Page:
The Transparency Principle in Our Crisis World


As the bailouts mount serious questions remain about the future formation of the economy and the government. These questions revolve not just around policies, but around principles. One of those principles that everyone–senators, congressmen, newspapers, the President–has stated support for is transparency. But, the battle for real transparency in the current cleanup of the market mess is woefully wanting.

Bloomberg reports today that the Federal Reserve has rejected their Freedom of Information Act (FOIA) request for information relating to the nearly $2 trillion in Fed loans to banks and securities firms. The Fed states that their refusal to fulfill the FOIA request is due to an “exemption under trade secrets.” Also, the source of a lot of the lending is the Federal Reserve Bank of New York, the former perch of Treasury Secretary Geithner, which is not subject to FOIA law.

Congress was able to extract some transparency from the Fed in the past, as Bloomberg recounts:

On Feb. 23, the Fed disclosed a breakdown by broad categories for $1.81 trillion of collateral pledged by banks and bond dealers as of Dec. 17 after Congress demanded more transparency from the central bank.

The largest portions of collateral being held by the Fed at that time were $456 billion in commercial loans, $203 billion in consumer loans and $159 billion in residential mortgages, according to the central bank’s Web site. It didn’t identify any loans or provide their credit ratings and said it will update the figures about every two months.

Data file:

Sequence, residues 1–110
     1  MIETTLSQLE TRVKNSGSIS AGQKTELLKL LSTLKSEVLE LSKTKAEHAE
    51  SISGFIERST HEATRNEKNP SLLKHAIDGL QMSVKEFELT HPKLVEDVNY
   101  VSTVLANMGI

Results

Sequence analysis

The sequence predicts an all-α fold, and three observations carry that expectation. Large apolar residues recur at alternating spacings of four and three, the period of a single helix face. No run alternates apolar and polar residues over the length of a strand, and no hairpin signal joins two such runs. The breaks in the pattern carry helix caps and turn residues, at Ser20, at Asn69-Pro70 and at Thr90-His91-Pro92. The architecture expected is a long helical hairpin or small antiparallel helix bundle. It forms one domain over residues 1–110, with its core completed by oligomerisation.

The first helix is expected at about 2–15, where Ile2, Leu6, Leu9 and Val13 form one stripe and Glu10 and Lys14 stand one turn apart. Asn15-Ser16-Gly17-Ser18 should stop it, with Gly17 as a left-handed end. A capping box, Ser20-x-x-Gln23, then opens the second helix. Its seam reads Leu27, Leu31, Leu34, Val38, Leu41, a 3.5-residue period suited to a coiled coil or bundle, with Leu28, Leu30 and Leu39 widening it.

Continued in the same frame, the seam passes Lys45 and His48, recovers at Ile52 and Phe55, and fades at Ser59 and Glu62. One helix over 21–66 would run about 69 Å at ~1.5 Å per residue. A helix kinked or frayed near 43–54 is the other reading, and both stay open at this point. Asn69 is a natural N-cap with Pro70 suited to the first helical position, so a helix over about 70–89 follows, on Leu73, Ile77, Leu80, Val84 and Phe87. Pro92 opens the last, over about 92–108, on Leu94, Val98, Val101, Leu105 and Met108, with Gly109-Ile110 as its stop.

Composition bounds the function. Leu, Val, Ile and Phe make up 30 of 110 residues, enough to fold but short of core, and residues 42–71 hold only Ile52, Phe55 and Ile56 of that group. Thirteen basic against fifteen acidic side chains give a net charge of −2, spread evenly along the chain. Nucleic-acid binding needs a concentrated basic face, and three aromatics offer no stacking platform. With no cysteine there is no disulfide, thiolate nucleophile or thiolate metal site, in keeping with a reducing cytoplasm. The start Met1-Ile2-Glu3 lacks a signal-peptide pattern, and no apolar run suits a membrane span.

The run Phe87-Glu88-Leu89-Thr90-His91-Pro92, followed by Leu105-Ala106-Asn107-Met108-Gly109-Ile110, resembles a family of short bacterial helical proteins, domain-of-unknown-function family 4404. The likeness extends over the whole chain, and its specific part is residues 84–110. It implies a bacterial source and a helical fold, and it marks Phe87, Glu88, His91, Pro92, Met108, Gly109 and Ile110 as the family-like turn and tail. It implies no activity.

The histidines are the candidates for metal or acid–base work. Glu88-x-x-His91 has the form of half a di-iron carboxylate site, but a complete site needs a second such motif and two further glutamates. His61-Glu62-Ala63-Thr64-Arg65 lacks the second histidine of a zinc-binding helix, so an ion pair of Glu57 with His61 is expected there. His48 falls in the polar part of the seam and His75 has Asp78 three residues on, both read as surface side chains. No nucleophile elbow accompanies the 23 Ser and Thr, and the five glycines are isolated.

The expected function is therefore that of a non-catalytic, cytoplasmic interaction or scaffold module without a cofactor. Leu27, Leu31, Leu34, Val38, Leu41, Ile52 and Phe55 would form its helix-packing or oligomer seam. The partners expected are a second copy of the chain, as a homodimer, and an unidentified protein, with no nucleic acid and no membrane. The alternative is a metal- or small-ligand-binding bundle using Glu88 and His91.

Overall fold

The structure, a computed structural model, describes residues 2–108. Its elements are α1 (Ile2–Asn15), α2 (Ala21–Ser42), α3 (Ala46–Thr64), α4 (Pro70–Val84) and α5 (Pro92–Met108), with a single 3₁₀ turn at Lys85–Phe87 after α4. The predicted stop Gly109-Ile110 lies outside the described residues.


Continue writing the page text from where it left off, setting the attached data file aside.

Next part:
The Fed, however, is still remaining intransigent in their opposition to transparency in their lending. Aside from the refusal to disclose lending to these firms, the Fed is also refusing to provide details about the bailout of A.I.G., particularly the counterparties to the bailout. Meanwhile, the details of new transparency requirements for TARP and TALF recipients are still rather vague.

It is really important to stand firm in the insistence on transparency at the outset of this recreation of our economic and governmental spheres. All information that can be made public about the lengths taxpayer money is being used to finance the stabilization of private firms must be made available. Similarly, all efforts by private firms to influence the public sphere must be made available. The financial crisis was abetted by an institutional crisis in government caused by excessive political influence–lobbying, PAC money, campaign contributions. These influencing actions need to be made transparent just as much as the money pouring from the public coffers into private companies. That means real time transparency! When a lobbyist meets with a lawmaker or a regulator, it must be reported within 24 hours. When a CEO makes a campaign contribution, it must be reported within 24 hours.

When Louis Brandeis called for “Sunlight as the best disinfectant” (first published in 1913) he was discussing the new financial instruments of the early 20th century. His famous line was resurrected again after those financial instuments failed leading to the Great Depression. This crisis requires a more thorough implementation of Brandeis’ ideal of transparency in our government and our markets. Without that we are asking to repeat the mistakes leading up to our current situation.